Foreign trade “Trumps” other campaign issues
The Reshoring Initiative and our data have been quoted in a number of publications recently. We appreciate the coverage and the exchange of ideas. A summary and review of the issues is provided below.
Forbes on a return to InnovationWhile criticism of TPP continues in the political field, the media is chiming in with its own perspectives on how certain domestic issues explain the evidence of lost jobs and industries that others blame on international trade deals. In the Forbes article “Do Trade Agreements Kill Jobs?”, Steve Denning points to ‘the world’s dumbest idea,’ – which he describes as when “companies embraced the notion that the very purpose of a corporation is to create shareholder value as reflected in the current stock price.” This thinking led to mass offshoring, which resulted in the U.S. steadily losing the needed expertise to run and grow businesses in the future. By not making things at home, the infrastructure that supports innovation fell apart and diminished our ability to compete. As a solution, Denning agues for greater US entrepreneurship with a new business model that adopts agile management practices focused on generating continuous innovation. If US companies want to be innovative and competitive, they need to make things at home. For more on this topic see the upcoming column Manufacturing Matters More.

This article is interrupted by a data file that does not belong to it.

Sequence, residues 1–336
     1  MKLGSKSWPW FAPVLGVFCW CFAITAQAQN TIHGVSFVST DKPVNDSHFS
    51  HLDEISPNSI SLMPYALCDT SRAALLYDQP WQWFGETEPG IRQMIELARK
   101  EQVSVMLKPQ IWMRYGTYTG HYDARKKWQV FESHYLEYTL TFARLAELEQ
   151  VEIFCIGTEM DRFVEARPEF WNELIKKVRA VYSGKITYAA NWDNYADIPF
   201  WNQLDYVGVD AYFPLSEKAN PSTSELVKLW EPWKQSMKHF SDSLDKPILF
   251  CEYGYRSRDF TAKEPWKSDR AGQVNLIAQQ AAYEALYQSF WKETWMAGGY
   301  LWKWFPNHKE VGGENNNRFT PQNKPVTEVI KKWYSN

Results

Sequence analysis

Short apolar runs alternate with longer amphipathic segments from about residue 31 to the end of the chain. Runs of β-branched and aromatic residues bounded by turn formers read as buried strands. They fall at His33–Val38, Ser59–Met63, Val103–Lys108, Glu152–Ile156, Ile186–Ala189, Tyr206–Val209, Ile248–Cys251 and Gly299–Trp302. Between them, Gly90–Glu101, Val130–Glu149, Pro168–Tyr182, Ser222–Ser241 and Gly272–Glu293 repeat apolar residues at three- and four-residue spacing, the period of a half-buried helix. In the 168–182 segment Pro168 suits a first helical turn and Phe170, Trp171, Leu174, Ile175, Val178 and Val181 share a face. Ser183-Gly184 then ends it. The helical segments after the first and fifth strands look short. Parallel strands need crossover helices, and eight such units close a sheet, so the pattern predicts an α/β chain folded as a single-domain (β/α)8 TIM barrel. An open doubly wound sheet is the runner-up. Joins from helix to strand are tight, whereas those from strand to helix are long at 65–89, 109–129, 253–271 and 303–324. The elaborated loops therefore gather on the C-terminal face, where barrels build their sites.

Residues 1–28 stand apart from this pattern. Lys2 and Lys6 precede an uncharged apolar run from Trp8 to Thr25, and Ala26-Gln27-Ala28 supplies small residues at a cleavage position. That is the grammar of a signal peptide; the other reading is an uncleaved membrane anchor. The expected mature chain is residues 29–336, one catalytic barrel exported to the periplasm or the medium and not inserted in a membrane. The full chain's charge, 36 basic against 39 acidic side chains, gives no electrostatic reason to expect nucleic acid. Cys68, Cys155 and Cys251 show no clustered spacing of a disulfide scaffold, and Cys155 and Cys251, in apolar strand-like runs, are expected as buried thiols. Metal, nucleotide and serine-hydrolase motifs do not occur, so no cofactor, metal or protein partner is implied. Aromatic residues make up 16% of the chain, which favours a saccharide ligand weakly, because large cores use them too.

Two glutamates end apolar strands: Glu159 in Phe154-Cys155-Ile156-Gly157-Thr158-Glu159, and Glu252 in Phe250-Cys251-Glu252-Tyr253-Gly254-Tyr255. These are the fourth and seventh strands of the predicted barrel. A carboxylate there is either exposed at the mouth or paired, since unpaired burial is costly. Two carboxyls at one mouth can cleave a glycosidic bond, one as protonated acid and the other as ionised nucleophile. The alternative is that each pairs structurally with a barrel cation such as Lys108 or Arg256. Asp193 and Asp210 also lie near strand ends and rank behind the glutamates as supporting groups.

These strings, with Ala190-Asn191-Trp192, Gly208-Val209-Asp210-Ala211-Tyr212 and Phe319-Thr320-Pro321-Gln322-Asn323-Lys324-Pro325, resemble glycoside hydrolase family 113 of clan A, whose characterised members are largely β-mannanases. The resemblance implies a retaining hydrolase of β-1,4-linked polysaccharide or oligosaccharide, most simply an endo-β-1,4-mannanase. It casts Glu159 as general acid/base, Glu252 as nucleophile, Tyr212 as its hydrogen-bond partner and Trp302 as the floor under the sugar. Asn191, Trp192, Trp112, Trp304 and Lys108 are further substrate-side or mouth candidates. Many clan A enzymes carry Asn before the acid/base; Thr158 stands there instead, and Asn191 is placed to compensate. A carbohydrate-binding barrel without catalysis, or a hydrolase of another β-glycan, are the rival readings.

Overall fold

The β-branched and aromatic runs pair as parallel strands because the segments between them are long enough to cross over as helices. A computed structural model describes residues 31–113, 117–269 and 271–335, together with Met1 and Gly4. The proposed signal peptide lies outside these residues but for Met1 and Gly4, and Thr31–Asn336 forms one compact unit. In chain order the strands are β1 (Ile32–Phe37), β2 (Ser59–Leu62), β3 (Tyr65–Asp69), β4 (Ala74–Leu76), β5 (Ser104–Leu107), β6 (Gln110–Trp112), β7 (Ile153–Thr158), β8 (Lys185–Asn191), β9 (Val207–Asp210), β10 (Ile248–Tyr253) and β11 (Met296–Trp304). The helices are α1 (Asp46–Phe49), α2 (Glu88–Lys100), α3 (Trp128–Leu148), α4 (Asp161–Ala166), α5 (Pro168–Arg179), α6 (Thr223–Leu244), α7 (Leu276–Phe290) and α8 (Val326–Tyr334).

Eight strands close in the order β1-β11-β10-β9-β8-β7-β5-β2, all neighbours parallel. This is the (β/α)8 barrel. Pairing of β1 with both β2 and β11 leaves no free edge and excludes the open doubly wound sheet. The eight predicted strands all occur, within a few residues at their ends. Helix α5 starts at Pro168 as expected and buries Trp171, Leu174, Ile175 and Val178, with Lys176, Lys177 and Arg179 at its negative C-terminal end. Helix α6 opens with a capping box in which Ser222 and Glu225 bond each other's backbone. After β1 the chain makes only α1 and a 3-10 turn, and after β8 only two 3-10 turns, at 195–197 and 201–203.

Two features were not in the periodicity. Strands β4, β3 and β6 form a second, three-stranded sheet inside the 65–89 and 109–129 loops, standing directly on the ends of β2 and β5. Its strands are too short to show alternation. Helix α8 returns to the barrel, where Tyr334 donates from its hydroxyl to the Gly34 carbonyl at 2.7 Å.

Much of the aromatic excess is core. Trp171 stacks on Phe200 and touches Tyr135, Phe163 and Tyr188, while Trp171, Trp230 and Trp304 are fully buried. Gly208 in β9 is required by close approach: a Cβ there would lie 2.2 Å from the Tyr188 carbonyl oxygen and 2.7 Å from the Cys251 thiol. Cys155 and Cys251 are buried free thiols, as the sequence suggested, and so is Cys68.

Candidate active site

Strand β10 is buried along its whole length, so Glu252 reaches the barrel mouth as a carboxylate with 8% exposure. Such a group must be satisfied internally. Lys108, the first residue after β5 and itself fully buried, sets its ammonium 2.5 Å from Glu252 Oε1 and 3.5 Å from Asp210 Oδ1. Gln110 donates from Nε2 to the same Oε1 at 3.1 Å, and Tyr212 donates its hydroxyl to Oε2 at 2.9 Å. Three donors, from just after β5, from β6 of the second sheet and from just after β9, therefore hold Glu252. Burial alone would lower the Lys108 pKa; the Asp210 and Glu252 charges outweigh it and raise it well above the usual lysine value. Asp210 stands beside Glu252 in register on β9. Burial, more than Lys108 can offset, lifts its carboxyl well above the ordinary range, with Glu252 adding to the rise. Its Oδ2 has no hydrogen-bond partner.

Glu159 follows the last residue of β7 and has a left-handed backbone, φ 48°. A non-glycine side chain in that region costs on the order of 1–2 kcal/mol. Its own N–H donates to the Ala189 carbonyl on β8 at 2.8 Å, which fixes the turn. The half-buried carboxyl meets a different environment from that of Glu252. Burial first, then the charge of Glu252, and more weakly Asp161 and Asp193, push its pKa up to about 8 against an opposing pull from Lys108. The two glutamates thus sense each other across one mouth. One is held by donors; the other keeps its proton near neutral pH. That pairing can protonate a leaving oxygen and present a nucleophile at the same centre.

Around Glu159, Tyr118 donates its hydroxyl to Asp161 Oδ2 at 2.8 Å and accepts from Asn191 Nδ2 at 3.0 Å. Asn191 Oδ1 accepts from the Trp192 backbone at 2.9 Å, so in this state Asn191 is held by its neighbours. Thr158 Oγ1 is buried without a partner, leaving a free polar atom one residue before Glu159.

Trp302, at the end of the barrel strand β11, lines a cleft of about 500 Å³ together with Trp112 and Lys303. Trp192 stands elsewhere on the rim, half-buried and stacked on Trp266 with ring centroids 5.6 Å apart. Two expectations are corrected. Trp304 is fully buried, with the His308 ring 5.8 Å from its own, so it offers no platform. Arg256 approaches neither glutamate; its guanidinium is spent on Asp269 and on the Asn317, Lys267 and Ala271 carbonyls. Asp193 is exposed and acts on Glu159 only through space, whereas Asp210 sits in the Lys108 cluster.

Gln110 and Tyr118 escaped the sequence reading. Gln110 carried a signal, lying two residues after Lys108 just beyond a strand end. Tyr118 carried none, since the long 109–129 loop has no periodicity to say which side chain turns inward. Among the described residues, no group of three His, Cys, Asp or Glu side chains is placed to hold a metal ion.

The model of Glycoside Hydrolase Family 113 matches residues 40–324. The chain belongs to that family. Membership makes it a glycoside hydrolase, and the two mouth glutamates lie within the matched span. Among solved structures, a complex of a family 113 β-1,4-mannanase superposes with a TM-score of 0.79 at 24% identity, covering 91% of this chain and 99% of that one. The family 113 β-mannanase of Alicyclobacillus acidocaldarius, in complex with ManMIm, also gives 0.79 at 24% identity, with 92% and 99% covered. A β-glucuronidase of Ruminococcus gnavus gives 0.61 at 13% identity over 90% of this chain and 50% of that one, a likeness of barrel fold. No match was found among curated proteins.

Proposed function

AcademiaRather than solely blaming trade deals, the larger academic debate between Harvard, MIT and others, is looking inward. To answer the question of why so many intelligent people acted on “the stupidest idea in the world”, Professor Christensen of Harvard attributes some of the responsibility to academics themselves: "It really is scary" ..."The root cause of the problem is the Harvard (pause) the professors at business schools because, for example, we teach our students that the way they measure profitability is return on capital employed as a common measure. So if I am going to be measured by that ... this is a ratio. I can get that ratio up by developing new products that generate attractive profits to go in the numerator of that ratio, aaahhh what the heck, if I just outsource everything then I get assets off of the denominator of the ratio. Either way the ratio goes up. So because the way we teach people (MBA students) to measure things it causes us to outsource that job ..."